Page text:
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Ovlov - "TRU" | Album Review

ovlov tru cover.jpg

by Katie Hanford

A band with as many revivals as releases, Ovlov’s latest full-length showcases their versatility within the current influx of ‘90s-inspired spacey slacker rock. Despite a five-year hiatus, Ovlov have returned to the scene with a similar approach - fat guitars amounting to a punkier version of shoegaze’s wall-of-sound – albeit in a more refined manner than their earlier releases. On TRU, Ovlov manages to contain the noise so integral to their sound in a dynamism that blends the guitar musings of gazey greats (MBV, Lush) with the slacker rock sensibilities of indie darlings (Pavement, Dinosaur Jr), amounting to a record that pays tribute to its influences while maintaining a fresh identity. 

Though lead singer/main mastermind Steve Hartlett has had a knack for arranging space throughout Ovlov’s catalogue, the production value on TRU brings this dynamism to another level. On “Stick,” soft guitar twinklings and driving basslines swell to massive barrages of noise in an instant, crashing back down into the groove as soon as they began. Although seemingly random at first listen, careful examination proves that these bursts are calculated and purposeful.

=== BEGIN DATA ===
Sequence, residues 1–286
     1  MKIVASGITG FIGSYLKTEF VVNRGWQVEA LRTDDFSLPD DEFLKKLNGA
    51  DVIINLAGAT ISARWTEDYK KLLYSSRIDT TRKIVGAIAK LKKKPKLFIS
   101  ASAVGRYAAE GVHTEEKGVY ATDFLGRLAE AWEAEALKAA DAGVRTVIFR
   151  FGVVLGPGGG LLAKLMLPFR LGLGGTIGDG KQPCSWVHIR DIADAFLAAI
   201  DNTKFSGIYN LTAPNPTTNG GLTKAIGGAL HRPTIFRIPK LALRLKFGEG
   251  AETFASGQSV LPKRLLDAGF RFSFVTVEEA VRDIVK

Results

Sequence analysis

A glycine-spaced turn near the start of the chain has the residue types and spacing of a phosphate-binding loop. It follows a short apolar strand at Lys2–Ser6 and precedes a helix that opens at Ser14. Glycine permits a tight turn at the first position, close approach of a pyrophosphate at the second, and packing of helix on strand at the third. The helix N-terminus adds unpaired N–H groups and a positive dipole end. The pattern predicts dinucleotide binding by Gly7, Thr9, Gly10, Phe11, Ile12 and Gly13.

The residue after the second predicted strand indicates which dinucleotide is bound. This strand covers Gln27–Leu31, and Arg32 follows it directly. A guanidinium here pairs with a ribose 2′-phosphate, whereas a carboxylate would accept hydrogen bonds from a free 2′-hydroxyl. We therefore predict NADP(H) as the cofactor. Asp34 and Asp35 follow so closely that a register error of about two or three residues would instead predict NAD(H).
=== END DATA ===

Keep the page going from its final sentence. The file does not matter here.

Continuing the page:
TRU’s innovation lies in the quality of the noise; whereas past Ovlov tracks fall into a more brash/lo-fi side of the modern indie world, TRU’s production is crisp and concise: the guitars wash without bleeding into the rest of the mix and the reverb on the drums is present but contained, with consistently tight basslines to hold everything together underneath. The beauty of Ovlov’s dynamic mastery lies in their ability to transition between the obvious and the subtle in a moment’s notice. Unlike the sudden attacks of noise in “Stick,” the sleepy arpeggios of “Tru Punk” barely change throughout the track. Yet a simple adjustment in the drum presence provides ample transition from verse to chorus and back again. And, unsurprisingly, the track finishes loud, building to a whirling buzz of guitar-driven insanity before coming to its abrupt close. Despite unabashedly borrowing sounds from past innovators (the guitar drones at the end of “Best of You” could have come directly from Loveless), their amazingly executed dynamism keeps Ovlov away from being pigeonholed into a ‘90s rehash or a shoegaze nightmare.

Overall, TRU sits at the best of Ovlov’s output, straddling the line between ‘90s indie nostalgia and shoegaze dreams without compromising their own creative identity. Here’s hoping this time they’ll stick around for a while.